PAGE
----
To the absolute beginner, the scoring on cricket can look incredibly complicated and even intimidating.
Whether it’s a village cricket match or a professional, international test match, there needs to be a record kept of the cricket score for all cricket clubs. This is the job of the “scorer” or “scorers” in some cases – using a cricket scorebook.
In this guide, we’re going to take you through some of the very basics, such as how runs are actually scored in cricket, the system used by the umpires to signal the runs, and of course, how to actually read and understand the cricket scores.
Cricket Scoring Explained
As a viewer, the first time you turn on the cricket there can be some confusion about what the scores mean, added to the fact that there is a team score, you also see the score of individuals taking part. Bowlers and batters get their own individual score figures from the day.
The very basic principle of cricket is that out of two teams of 11 players, both are trying to score more runs than their competitor, either before all of the wickets are taken by the other team and there are no batters left, or in an allocated number of deliveries. It gets more complicated than that, but this is a basic overview.
What Cricket Scores Mean
Cricket scores are presented as two figures. The number of runs scored, and the number of wickets that have been taken. These are separated by a “/” or a “-” symbol.
Let’s say you turn on the cricket and New Zealand are batting. The score is 192/8.
What does this actually mean? Well, the first number is the number of runs that have been scored (more on this shortly) and the second number is the number of wickets taken. New Zealand have scored 192 runs, and eight batters have been given “out”.
Our recent guide explains ten ways in which the batters can be out, meaning their role in that innings is complete.
When we get to 10 wickets and the final batter doesn’t have a partner, the team is “all out” meaning that their scores have been completed. New Zealand’s score may go from 192/8 to 195/9 and then 210 all out.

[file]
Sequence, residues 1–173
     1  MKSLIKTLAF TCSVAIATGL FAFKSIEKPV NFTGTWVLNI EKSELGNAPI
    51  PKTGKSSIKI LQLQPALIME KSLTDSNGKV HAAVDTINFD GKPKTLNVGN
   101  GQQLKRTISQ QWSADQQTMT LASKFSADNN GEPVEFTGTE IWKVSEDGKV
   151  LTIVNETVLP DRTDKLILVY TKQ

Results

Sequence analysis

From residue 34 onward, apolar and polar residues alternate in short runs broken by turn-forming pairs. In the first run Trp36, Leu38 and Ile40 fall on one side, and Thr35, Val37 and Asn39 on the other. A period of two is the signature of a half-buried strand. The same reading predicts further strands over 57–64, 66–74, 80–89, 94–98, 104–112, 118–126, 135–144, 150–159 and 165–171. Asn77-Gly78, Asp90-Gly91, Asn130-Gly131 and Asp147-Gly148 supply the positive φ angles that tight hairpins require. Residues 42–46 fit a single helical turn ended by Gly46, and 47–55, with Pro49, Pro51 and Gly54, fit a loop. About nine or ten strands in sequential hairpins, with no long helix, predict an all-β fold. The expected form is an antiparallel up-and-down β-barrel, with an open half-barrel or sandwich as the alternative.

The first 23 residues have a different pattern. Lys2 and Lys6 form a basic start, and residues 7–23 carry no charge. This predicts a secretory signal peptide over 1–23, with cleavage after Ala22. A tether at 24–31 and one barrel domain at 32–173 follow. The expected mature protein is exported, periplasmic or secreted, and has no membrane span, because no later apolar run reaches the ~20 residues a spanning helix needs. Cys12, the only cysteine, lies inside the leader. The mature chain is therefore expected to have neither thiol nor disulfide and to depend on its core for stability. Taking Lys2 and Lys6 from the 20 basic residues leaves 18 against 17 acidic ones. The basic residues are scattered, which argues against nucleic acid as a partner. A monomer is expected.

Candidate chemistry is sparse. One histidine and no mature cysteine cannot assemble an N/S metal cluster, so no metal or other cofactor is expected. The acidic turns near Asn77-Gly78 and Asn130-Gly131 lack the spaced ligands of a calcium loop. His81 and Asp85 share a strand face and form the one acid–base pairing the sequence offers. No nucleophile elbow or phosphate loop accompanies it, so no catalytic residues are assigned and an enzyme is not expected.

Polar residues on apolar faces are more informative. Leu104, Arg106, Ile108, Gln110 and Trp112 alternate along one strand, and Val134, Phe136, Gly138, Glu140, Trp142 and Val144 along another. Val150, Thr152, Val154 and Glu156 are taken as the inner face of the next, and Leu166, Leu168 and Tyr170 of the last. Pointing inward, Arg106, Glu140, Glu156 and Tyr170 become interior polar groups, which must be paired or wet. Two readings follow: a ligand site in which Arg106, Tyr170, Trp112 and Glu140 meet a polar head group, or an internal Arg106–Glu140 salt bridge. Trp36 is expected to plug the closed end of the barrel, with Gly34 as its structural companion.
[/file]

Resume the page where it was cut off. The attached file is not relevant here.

Let’s say New Zealand then have to bowl, and the opposition team is Sri Lanka. Sri Lanka score 100/0, meaning for the first 100 runs no wicket is taken. The score then moves to 150/3, and finally to 193/4. This means that there are six wickets left, and in a single innings game, it means Sri Lanka have won by six wickets.
If Sri Lanka had been all out for 180 in this example, then New Zealand would have won by 12 runs.
How Runs Are Scored
To fully understand how cricket scoring works, you need to understand the ways in which runs are scored.
Hit the ball, and run. If you can find gaps in the field and call run to your partner, both batters must run to the other end to complete a run. You can run as many times as you wish, scoring one run for every time you successfully cross with your partner and make it to their crease, touching down in the crease with your foot or your bat.
It’s rare to score more than three runs in this way as the fielding team will have usually returned the ball easily in this time. Remember that if you don’t get to the opposing side before the fielding team returns the ball and strikes your wicket with the ball, you can be given as out. This is called a run-out and is one of the methods of dismissal. Even the non-striker can be run out.
Cricket is played within a boundary rope. If the batter hits the ball all the way to, or past, the boundary rope, they will also score runs in the form of a “4” or a “6”.
Four runs are added when the ball bounces or rolls on the way to the rope, but makes it past the boundary.
Six runs are added when the ball gets over the boundary rope without being caught by a fielder.
There are plenty of batters who scored a huge percentage of their runs in boundaries, if you were to watch Chris Gayle late in his career, it was rare that he would choose to run.
When a four or a six is scored, the umpire will make a signal to the scorers to tell them to note this on the scorecard.
In both boundaries and runs, they are awarded to the batter who hit the ball.
Scorecards also have space for “extras”.
Runs can sometimes be scored even though the ball didn’t hit the bat. These are usually known as extras.
Fielding extras are things like byes and leg byes, this means that the batter didn’t hit the ball, but still managed to run. For instance, if the ball hit their leg and went far enough that they were able to complete a run.
Wide balls and no balls will also result in extra runs being added to the batting team’s total. A wide ball will have to be bowled again, but it also adds a run to the total.